Married, unmarried cohabitants, (multiple) parents and (step) children in tax law in the Netherlands and Europe

Research output: Contribution to journalArticleScientificpeer-review


Society has changed considerably over the past fifty years. Whereas before, most people got married, had several children during the marriage and divorce was still relatively rare, currently, there is much more diversity with different forms of cohabitation. Although this trend is present throughout Europe, there is a large difference in the pace and manner in which the new patterns of society are manifesting themselves there. This article indicates that the same applies to the fiscal recognition of unmarried cohabitants and stepchildren from a married couple and an unmarried couple (‘informal’ stepchildren).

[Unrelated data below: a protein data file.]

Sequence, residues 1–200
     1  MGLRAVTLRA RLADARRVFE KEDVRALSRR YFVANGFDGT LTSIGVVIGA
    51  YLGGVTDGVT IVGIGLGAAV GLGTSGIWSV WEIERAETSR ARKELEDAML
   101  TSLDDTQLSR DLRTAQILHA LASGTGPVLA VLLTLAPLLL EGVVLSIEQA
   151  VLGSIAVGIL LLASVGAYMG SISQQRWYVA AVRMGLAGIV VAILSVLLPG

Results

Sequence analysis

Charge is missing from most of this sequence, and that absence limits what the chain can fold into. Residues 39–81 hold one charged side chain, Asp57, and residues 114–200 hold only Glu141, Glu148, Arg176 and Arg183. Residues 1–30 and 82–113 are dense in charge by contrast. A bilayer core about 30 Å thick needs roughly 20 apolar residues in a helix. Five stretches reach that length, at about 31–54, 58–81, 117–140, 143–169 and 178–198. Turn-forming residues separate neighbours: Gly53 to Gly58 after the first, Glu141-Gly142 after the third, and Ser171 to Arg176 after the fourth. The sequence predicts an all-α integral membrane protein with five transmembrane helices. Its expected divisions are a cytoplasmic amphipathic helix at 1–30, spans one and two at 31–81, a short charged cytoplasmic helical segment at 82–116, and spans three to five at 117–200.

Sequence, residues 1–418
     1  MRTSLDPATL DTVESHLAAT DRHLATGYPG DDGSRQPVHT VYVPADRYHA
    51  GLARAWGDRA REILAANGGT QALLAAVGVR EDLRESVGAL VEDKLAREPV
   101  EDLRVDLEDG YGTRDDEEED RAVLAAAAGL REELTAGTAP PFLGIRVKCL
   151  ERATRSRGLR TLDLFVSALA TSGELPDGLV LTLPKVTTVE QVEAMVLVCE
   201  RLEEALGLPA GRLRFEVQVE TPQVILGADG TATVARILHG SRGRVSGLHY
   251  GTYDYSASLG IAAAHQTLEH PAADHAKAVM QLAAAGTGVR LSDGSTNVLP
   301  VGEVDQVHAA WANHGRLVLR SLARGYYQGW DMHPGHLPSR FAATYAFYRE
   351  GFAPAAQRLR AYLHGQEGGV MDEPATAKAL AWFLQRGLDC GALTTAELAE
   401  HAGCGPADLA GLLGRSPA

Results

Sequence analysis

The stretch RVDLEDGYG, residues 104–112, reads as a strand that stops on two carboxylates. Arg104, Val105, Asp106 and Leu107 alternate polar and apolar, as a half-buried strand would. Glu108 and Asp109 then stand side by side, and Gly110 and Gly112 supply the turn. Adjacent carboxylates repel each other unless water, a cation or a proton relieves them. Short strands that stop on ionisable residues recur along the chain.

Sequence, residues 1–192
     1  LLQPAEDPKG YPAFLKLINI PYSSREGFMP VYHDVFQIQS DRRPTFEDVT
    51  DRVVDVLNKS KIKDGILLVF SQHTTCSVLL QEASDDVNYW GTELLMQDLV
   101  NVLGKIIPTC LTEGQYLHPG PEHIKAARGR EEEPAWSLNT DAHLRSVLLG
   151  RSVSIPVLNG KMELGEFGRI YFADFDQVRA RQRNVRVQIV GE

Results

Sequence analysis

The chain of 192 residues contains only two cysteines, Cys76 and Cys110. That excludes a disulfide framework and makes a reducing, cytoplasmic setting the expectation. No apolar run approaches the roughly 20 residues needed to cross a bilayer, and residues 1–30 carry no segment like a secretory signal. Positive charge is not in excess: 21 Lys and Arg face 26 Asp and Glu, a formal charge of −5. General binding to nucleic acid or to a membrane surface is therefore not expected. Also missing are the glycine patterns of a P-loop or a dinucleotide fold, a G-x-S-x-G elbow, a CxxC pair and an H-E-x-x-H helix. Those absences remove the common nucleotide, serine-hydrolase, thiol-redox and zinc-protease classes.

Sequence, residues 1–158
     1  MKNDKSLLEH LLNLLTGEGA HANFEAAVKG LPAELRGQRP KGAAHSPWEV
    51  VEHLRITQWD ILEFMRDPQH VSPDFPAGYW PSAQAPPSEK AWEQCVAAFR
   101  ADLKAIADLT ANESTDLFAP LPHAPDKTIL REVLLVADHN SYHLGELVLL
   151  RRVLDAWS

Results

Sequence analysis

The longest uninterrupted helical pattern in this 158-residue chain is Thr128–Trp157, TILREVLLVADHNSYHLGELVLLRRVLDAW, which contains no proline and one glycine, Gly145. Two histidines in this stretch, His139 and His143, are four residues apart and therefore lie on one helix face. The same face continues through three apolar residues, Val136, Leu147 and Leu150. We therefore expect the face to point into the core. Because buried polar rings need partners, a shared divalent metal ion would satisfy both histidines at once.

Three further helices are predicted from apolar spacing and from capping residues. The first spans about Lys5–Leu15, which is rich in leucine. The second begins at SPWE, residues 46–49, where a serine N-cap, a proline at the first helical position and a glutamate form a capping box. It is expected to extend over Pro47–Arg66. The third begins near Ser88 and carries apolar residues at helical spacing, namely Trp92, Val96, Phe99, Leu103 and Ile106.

In the Netherlands, married and unmarried couples are now treated entirely the same for income, gift, and inheritance tax purposes. This also applies to formal and informal stepchildren. In a European context, the Netherlands is therefore leading the way in recognizing nontraditional cohabitation variants in tax legislation. With this article, the author not only discusses the tax treatment in various European countries but also the possible arguments for (not) equating them.

The author hopes to contribute to the discussion of whether extra-marital cohabitation and other related relationships should be treated in the same way for tax purposes as relationships that arise through marriage.
Original languageEnglish
Pages (from-to)408-423
Number of pages16
Issue number5
Publication statusPublished - May 2021


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